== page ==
Free Kindle Book: Wagner And His Isolde

Written By The Wagnerian on Saturday, 1 February 2014 | 4:38:00 am

"The world has been overcome. Through our love, our sorrow, it has overcome itself. It no longer is an enemy before which I flee, but an object wholly indifferent and unessential to which I can turn without fear or pain; therefore, even without any real disgust. This I realise all the more because, theoretically, my impulse to withdraw from the world no longer is as strong as formerly. Until now that impulse was the result of unstilled longing, seeking and yearning, which have now— I feel it—been assuaged. The later developments as between ourselves have made me fully conscious that we have nothing further to seek, nothing further to long for. Considering how completely you have given your self to me, I cannot characterise my feeling as resignation, least of all as despair. This daring interpretation of my state of mind appeared to me formerly as an impossible result of my yearning quest. Now, made happy by you, I am absolved from it. A holy peace is mine. The impulse is dead be cause it has been satisfied.

This calm state of mind (the result of in numerable struggles with the world, and finally of my salvation through your love), probably will lead me eventually to settle in some spot where the means of exploiting my art will be at my disposal, something that will be a sore trouble to me (since the game no longer seems worth the candle), so that, according to my humour or caprice, I can arrange for occasional and at least tolerable performances of my works. Of course any thing like a position or an appointment does not enter my mind. Moreover, I have not the least preference for one place or another, for —nowhere would I seek anything definite or individual, and least of all intimate. I am free of any such desire! On the contrary, I will grasp only at that which will enable me to maintain the most ordinary, indeed superficial, relations with my surroundings, and this may prove the easier the larger the place is. The possibility of falling back upon some intimate relationship such as I might establish in a place like Weimar, I do not for a moment consider. Such an idea is decidedly repulsive to me. I can show due regard for my deep-rooted prejudice against the world only by dealing with humanity in its totality, without any closer, individual relationship. An effort, like that in Zurich, where I sought to attract everyone toward me, I never could be capable of making again". RW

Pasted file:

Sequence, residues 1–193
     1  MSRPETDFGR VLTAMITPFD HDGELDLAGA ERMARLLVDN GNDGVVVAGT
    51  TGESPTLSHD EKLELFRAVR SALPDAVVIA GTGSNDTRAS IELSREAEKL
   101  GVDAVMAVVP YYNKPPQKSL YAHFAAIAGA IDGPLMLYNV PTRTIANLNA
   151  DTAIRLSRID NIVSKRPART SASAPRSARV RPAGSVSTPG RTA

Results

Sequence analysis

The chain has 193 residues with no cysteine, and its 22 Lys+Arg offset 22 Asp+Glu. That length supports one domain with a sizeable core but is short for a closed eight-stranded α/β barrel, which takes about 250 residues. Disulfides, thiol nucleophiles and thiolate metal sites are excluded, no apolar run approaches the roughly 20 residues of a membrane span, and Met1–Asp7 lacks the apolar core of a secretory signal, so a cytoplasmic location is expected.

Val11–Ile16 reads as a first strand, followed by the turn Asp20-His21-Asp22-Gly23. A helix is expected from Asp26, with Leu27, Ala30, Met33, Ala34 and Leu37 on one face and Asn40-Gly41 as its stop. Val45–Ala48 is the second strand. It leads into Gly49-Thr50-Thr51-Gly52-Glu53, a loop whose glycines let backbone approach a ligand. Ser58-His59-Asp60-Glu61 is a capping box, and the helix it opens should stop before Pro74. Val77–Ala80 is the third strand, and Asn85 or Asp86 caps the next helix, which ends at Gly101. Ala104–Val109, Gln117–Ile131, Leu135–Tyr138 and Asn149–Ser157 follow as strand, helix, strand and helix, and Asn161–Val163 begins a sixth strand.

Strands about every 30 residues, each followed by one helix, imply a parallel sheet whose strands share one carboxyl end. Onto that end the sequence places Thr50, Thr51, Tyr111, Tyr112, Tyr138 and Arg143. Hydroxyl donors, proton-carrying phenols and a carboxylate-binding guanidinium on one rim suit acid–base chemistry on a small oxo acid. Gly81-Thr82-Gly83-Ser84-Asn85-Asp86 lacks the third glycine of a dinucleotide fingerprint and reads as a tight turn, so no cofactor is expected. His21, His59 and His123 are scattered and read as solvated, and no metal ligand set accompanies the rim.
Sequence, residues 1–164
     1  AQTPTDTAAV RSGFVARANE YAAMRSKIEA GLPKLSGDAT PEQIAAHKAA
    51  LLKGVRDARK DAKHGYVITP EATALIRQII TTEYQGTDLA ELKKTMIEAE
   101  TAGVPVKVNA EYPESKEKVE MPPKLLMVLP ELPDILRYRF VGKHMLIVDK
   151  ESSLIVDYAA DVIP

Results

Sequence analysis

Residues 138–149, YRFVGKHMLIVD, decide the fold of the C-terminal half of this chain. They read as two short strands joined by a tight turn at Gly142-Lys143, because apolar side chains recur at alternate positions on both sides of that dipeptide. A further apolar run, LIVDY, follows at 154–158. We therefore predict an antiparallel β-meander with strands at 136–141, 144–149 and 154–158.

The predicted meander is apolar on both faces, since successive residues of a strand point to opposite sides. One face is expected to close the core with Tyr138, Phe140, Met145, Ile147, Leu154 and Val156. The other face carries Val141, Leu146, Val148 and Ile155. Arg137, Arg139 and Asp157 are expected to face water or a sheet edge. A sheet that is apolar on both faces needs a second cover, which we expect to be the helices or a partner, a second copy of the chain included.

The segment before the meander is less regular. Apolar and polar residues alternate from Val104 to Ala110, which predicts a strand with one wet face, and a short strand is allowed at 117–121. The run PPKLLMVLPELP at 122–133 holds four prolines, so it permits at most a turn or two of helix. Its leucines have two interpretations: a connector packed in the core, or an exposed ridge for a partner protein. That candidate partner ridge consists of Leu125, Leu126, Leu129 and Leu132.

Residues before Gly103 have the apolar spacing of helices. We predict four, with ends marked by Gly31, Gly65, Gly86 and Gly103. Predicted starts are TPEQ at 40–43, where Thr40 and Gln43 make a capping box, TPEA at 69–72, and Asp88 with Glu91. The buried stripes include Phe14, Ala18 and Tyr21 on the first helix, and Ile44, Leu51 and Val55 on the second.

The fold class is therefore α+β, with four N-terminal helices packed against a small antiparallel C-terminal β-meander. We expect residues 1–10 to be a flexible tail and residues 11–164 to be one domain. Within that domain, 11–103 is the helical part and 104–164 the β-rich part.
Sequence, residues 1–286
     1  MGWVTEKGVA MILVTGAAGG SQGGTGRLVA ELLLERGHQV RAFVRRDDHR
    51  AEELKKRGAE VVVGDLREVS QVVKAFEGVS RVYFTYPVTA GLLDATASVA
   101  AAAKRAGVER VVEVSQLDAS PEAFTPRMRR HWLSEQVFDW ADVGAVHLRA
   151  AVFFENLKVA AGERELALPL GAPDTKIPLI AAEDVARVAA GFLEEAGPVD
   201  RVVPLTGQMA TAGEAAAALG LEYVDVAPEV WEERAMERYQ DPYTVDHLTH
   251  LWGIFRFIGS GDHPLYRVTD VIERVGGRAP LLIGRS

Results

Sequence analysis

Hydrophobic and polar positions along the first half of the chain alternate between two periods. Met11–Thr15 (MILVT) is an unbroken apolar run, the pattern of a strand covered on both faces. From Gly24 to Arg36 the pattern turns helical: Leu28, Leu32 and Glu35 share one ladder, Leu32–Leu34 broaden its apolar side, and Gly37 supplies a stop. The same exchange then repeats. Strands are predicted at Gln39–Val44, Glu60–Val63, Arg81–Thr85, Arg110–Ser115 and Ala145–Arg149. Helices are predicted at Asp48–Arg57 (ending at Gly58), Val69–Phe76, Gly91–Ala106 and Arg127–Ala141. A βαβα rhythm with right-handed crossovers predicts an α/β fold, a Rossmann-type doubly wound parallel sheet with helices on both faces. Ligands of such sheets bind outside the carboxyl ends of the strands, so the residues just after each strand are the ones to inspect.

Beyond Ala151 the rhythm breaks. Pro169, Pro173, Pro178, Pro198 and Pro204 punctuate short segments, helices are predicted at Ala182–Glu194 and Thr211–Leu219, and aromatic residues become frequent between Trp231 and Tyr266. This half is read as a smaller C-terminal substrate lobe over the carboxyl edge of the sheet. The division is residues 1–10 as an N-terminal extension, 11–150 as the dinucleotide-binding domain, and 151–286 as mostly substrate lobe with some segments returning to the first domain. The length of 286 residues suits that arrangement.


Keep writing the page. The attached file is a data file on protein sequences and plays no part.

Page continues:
As we have previously noted there are many interesting Wagner books that have fallen into the public domain. Alas, while many of them can be found and read freely on such sites as the Internet Archive, reliable - or at least readable versions in either Epub or Kindle format are hard to find. With this in mind we are considering beginning a project that makes many of these freely available in both these formats.

As a first step in this process we are "releasing"Gustav Kobbe's 1903 selected translations of the Wagner/Wesendonck letters below.  If you have not come across them previously then you can have a look at the original below before deciding to download the book.

It should be noted that while our version is certainly better than any other epub/kindle version available it is an early version and thus is far from free of "printing errors" - despite a  great amount of time being spent on it.  However, should this prove popular enough, we will make further refinements over the next few months. We will also turn to other reprints of Wagner's letters.